Nope is a masterclass in filmmaking that comes off as a sci-fi horror Hitchcock-inspired love letter that is given the reality and movement to breathe in the presence of a novella. Peele continues to amaze and leave his stamp on the horror genre while also elevating the screenplay.
It’s noticeable that he deconstructs the preconception of acquiring the perfect shot in the eye of the beholder or a director as an auteur. At the same time, raising themes of childhood acting irony, hubris, and misrepresentation, eventually bleed into the themes of isolation, claustrophobia, the bone-chilling sensation of being watched, and the tragedy of the viewer taking note when the subject stares back.
Without diving into spoilers, I need to address that the trailers are a tad bit misleading and shake off the tone while sheltering the audience from the genuine hostility and gore of the film. From the first second, Nope begins, Peele has already entranced you with stunning camera work. Fluid movement helps give off the sensation and tone of someone observing and documenting. Almost in many ways, the narrative and performance of the cast mirror Peele’s style as a director, and then for a time, the subplots evolve into mini-character studies. All build to a choice of human flaws, and the curious imperfections that plague us are put on full display.
In addition, to the multiple themes and underlying guilt haunting the cast, one element worthy of praise is the range of performances and variety each actor channels. For example, Keke Palmer felt like the film’s comedic relief for a time, but as the plot advances, you can see she’s the film’s heart. Still, Peele peels back the joy and shows the audience she’s broken, and she imagines her home as a prison which she longs to be free from.
Another principle the Nope toys and dangles in front of the viewer is the influx of technology and age disparity – generational differences are fully displayed between her and her brother OJ (Daniel Kaluuya). Kaluuya is seen as defeated and undervalued, and the first opening scene establishes that faux stigma, but in all truth, the reason for the way he is due to the horror he observes. Peele pulls off his Psycho shower moment, which burdens Kaluuya with a sudden transition of being locked into a transfer of power symbolic of the pain he harbors, building the foundation of his stalwart nature.
And this is where Nope works as a whole because of the execution of balancing darker, Hitchcock, and placement blocking to the simple mystery and docile fear of Twilight Zone. I feel that the vignette style of editing does give freedom for the screenplay to come off as akin to an unreliable narrator. For a time, Nope juggles multiple tropes because it’s a horror film at times. At other moments, it’s an alien thriller. Then it’s a question of finding yourself and shedding the weight of parental legacy, but it felt like everything was necessary upon completion.
Of course, Peele does enjoy playing with the concept of red herrings, and the film does have a little if you notice closely. Other times you can see the narrative trope of characters being written from inception, foreshadowing their downfall. However, Nope thrives on its visuals and will keep the audience glued to the screen, so if you have a chance, see this film on the biggest screen possible, preferably IMAX, because Peele uses every ounce and drop of the $68 million dollar budget.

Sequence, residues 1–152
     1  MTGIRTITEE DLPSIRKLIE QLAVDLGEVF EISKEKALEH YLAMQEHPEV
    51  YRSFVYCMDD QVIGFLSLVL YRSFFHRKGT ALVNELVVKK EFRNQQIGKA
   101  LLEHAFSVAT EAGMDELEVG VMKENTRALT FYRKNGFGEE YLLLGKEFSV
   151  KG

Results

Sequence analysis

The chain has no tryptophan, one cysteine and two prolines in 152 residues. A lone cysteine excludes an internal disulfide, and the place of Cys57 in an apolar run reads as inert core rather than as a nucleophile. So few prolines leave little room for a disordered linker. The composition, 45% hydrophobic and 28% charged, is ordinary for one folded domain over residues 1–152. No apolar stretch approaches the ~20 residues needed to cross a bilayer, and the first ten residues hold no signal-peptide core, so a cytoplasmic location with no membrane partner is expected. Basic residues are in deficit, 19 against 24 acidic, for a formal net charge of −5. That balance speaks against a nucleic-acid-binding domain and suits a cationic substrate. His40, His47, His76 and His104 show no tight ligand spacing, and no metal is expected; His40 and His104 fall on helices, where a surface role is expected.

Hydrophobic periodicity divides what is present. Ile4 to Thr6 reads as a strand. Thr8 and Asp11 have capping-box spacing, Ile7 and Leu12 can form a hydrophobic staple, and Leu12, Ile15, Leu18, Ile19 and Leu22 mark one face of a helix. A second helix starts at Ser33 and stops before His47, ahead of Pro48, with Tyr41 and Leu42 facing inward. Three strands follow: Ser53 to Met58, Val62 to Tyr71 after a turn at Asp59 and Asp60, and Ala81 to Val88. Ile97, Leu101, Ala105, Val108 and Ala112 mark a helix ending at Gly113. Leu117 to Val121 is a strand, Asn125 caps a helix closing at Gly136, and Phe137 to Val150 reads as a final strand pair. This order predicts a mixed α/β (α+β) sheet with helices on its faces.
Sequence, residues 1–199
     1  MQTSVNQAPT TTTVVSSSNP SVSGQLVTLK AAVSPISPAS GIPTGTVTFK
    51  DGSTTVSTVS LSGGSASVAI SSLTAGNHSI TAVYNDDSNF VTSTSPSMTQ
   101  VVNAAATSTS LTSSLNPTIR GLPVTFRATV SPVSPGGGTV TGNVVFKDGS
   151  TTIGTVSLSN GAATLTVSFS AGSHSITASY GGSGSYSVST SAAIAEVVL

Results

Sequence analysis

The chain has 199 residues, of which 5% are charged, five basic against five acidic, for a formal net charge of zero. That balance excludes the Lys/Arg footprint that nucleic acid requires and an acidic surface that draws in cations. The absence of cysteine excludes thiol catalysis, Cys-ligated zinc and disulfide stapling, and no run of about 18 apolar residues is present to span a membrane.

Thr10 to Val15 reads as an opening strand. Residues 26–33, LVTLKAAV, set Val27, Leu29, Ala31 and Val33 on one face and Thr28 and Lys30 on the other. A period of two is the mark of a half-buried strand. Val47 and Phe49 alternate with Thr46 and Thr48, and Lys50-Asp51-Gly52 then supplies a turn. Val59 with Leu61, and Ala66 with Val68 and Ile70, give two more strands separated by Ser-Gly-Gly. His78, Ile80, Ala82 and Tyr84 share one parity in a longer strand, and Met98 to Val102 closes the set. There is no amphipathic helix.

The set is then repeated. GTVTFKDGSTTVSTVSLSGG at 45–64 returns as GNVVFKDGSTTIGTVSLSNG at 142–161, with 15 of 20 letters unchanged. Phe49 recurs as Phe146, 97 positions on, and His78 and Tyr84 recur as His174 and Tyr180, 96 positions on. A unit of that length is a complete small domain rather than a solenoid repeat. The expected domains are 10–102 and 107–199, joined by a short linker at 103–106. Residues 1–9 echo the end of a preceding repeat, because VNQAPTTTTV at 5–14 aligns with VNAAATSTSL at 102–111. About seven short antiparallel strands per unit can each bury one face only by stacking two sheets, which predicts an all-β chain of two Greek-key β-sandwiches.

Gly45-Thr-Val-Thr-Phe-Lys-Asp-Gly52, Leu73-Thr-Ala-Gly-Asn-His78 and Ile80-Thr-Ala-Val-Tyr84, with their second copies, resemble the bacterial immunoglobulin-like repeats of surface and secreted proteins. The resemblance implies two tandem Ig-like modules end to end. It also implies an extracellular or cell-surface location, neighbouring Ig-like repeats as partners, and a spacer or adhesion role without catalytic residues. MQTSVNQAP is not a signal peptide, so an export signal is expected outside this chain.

Treading back to characters who play a somewhat pivotal role is Steven Yeun, who portrays a child actor named Jupe Park, now grown and trying to retain any semblance of fame, and in a way does feel allegorical to the flaw of greed and hubris. And upon closer inspection of the small theme park Jupiters Claim, one can notice it’s a troubling reflection of the satirical lifestyle Jupe once remembered. Only now, he’s profiting off his trauma, and Nope does not adhere or hold back on filtering out the sequences of memory and the pain afflicted by consequence, the ones that sting the most and don’t ever leave us.
One clear thing is that this will be a film that will be debated or discussed as the years pass. Peele crafts a mirror reflection that flaunts our flaws of being human while the audience or, in this case, someone watches and observes. In another way, many could say Nope is a modern-day re-telling of the iconic Twilight Zone episode “The Monsters Are Due On Maple Street”, in which at the time, the moral conveyed through the narrative was fear can turn human beings into monsters.
Now in the case of Nope, Jordan Peele takes that message forward by deconstructing another element of being human while showing the brutality and misguided nature and how feeble many could perceive us. While we’re staring out into the unknown due to the seduction of curiosity about what’s truly beyond our reach, Nope juxtaposes the impending fear of what happens when our joy turns into pain.
Jordan Peele continues his hot streak with another masterpiece that stands perfectly next to Us and Get Out in his film library.
Nope is simply intense, thrilling, and suspenseful while questioning the lengths and norms one will go to achieve the perfect shot, even though perfection is unattainable.
A solid display of filmmaking that questions the intrigue and spectacle of never being satisfied, the discomfort of being observed for sport, and the reaction when the camera stops rolling and the 4th wall breaks. The reactional backlash and the choice we had to live with.
Jordan Peele is incredible and Nope earns an out-of-this-world 9/10 rating.
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